Global Blood Therapeutics, Inc. announced The Lancet Haematology has published the complete analysis of 72-week data from the Phase 3 HOPE Study of Oxbryta® (voxelotor) tablets in patients with sickle cell disease (SCD). The results showed significant and sustained improvement in haemoglobin levels, reduction in hemolysis and improved overall health status in patients treated with Oxbryta. These findings support the long-term use of Oxbryta to reduce haemolytic anemia and haemolysis in SCD, potentially mitigating life-threatening complications of the condition.
Oxbryta, a first-in-class oral, once-daily therapy, directly inhibits haemoglobin polymerization, the root cause of the sickling and destruction of red blood cells in SCD. Oxbryta is approved in the United States for the treatment of SCD in patients ages 12 years and older, and is also pending full marketing authorisation by the European Medicines Agency (EMA) in Europe.
“Sickle cell disease is a devastating disease that can lead to organ damage and a shortened life expectancy and is complicated by significant disparities in access to quality care,” said Professor Jo Howard of Guy’s and St. Thomas’ NHS Foundation Trust and King’s College London. “Fortunately, we have entered a new era of treatment. The HOPE Study is the longest registrational trial to date among recently approved therapies for sickle cell disease, and these results further demonstrate that by sustainably improving both the hemolysis and anemia manifestations of the disease, Oxbryta has the potential to be a safe and effective disease-modifying treatment in patients with sickle cell disease.”
The HOPE Study, a randomized, double-blind, placebo-controlled, international, multicenter trial in 274 patients ages 12 to 65 years with SCD, showed treatment with the U.S. FDA-approved dose of Oxbryta 1500 mg resulted in rapid and durable improvements in hemoglobin levels throughout 72 weeks of treatment. Approximately 90 percent of patients treated with Oxbryta achieved a haemoglobin improvement of >1 g/dL from baseline at one or more time points during the study compared to placebo (25 percent). In addition, approximately 59 percent of patients treated with Oxbryta 1500 mg were able to achieve a hemoglobin increase of >2 g/dL and 20 percent achieved >3 g/dL at one or more time points, compared to approximately 3 percent and no patients in the placebo group, respectively. The analysis also showed that study participants treated with Oxbryta had numerically fewer vaso-occlusive crises (VOCs), consistent with the trends at 24 weeks, and were three times less likely to experience an acute anaemic episode (decrease in hemoglobin >2 g/dL from baseline).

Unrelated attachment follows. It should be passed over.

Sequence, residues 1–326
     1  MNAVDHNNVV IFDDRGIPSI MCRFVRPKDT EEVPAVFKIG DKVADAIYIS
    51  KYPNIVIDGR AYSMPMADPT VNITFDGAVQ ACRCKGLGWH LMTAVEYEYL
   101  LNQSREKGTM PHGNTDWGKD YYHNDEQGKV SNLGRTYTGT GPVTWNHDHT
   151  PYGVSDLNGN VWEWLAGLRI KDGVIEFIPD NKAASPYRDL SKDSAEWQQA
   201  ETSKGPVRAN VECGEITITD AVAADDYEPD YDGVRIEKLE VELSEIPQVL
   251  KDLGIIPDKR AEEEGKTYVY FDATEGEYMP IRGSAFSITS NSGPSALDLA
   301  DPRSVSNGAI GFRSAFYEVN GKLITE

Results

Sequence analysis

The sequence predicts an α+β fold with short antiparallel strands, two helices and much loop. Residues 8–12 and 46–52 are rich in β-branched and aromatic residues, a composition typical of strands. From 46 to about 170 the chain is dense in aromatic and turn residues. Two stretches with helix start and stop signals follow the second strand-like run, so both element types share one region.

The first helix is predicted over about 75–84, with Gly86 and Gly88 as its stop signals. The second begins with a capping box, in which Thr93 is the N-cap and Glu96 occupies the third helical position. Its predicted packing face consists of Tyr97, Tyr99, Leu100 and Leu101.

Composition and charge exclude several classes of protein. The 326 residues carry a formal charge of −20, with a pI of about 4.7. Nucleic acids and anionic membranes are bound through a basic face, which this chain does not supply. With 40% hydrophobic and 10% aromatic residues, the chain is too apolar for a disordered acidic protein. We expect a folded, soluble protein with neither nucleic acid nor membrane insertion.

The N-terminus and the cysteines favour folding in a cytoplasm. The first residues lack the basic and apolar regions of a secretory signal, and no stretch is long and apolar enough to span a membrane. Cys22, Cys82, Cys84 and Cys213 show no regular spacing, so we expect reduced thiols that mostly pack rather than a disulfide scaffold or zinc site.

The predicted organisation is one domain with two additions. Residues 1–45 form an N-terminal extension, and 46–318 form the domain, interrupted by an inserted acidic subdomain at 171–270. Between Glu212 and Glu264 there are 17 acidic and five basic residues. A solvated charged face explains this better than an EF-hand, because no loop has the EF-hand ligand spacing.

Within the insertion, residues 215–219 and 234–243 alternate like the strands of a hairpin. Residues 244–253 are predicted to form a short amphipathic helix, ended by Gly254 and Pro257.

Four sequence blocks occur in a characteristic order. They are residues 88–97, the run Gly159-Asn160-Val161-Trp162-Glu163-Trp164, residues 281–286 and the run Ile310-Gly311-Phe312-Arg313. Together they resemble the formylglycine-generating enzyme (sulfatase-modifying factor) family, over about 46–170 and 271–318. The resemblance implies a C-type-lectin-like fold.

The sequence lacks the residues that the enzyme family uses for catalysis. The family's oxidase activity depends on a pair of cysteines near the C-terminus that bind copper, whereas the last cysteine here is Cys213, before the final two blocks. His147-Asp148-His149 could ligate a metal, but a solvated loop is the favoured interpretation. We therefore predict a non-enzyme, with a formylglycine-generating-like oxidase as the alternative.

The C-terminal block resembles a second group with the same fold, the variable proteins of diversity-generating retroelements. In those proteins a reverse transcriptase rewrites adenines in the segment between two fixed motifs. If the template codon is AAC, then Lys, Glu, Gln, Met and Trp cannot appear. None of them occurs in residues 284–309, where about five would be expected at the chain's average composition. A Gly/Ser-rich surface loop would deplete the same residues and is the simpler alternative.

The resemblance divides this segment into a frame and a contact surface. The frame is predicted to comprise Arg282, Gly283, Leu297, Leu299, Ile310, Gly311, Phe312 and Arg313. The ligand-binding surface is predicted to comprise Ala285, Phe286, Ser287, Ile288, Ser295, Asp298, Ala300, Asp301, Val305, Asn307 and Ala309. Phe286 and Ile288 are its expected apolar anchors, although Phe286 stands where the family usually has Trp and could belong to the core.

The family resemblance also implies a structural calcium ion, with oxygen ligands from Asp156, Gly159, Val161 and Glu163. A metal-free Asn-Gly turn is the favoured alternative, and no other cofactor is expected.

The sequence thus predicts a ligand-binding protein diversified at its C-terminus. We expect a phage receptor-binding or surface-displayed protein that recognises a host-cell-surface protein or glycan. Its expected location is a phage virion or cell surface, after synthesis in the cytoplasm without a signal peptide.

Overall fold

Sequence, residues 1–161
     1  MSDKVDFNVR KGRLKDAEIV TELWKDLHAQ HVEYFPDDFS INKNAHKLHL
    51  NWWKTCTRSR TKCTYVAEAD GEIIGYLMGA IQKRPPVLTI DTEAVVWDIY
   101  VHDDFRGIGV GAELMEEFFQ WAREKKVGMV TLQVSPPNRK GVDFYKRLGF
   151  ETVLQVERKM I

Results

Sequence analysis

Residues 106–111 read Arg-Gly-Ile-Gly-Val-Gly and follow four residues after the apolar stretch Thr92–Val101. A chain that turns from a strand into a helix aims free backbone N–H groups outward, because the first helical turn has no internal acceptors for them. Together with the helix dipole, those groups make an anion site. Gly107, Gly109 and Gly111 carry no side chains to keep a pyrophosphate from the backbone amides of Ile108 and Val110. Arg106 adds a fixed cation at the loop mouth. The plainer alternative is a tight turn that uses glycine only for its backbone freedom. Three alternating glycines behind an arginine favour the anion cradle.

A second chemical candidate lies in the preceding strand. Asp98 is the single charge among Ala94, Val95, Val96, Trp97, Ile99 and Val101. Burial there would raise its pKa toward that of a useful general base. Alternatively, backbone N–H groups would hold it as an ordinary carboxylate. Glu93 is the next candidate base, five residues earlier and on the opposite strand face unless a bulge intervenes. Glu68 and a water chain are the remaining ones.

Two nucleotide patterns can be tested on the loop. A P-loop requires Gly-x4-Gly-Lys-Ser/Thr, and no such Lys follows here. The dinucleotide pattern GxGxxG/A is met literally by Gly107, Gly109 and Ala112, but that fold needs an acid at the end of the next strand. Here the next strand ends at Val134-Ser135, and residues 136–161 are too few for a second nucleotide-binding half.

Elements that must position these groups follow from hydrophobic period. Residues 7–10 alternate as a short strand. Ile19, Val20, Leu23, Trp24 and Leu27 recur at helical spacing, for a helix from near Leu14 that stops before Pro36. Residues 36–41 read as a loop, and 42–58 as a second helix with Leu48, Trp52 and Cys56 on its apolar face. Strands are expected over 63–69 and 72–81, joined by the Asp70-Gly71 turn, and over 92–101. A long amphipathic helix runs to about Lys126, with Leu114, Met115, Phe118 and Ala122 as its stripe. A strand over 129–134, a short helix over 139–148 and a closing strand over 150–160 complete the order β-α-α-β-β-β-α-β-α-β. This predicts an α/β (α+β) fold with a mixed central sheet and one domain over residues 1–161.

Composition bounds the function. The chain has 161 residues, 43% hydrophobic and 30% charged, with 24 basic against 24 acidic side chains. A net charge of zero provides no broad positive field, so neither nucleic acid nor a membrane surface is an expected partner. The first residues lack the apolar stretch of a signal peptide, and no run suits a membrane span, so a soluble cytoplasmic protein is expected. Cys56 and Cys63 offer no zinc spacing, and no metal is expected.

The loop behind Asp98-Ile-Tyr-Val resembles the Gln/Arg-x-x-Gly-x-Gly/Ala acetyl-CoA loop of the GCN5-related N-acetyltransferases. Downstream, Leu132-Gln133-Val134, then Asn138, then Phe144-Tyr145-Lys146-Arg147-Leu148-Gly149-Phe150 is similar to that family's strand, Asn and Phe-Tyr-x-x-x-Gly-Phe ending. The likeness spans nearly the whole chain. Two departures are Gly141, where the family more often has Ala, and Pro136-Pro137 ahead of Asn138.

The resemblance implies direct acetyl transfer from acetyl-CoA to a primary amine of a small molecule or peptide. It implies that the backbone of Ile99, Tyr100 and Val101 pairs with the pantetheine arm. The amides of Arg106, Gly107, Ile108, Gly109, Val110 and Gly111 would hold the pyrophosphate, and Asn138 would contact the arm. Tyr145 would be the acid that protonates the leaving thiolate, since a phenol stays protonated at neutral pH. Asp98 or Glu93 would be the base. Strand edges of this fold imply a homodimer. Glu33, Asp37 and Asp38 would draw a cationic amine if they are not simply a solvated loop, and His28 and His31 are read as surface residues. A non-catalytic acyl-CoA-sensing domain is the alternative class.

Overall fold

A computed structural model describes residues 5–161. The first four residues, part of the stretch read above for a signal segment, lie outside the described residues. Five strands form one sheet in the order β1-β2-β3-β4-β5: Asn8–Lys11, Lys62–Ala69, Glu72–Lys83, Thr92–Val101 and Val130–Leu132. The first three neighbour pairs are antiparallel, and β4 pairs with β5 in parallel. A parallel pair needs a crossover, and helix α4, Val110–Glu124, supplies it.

Additionally, approximately 74 percent of patients (39 of 53) taking Oxbryta had their overall clinical status rated as “moderately improved” or “very much improved” by their clinician compared with approximately 47 percent (24 of 51) of the placebo group, a statistically significant difference. Treatment with Oxbryta remained generally well tolerated, and rates of adverse events were similar between treatment groups over 72 weeks.
“The sickle cell disease community, which for decades has been dramatically underserved, deserves treatments that address the sickling and destruction of red blood cells due to hemoglobin polymerization – the root cause of this disease,” said Ted W. Love, M.D., President and Chief Executive Officer of GBT. “The HOPE Study represents a significant milestone in advancing the treatment of SCD, and we are building on this groundbreaking trial with our commitment to increase access to Oxbryta and develop novel therapeutics that can transform SCD into a well-managed disease.”
Findings from a post hoc analysis of the HOPE Study published recently in the American Journal of Hematology evaluated the incidence and outcomes of leg ulcers in SCD patients and further support the foundational role of haemoglobin S polymerization inhibition in SCD treatment.1 Results of the analysis showed leg ulcers improved or resolved by week 72 in all patients (5 of 5) receiving Oxbryta 1500 mg compared with 63 percent of patients (5 of 8) in the placebo group. Resolution of leg ulcers was associated with increases in hemoglobin levels and decreases in hemolysis. Patients who experienced a hemoglobin increase of >1.0 g/dL while treated with Oxbryta were most likely to experience resolution of their leg ulcers within 24 weeks. These results highlight the potential of Oxbryta to meaningfully impact major patient outcomes.
- Minniti CP, et al. The impact of voxelotor treatment on leg ulcers in patients with sickle cell disease. Am J Hematol. 2021. https://doi.org/10.1002/ajh.26101. Accessed March 2, 2021.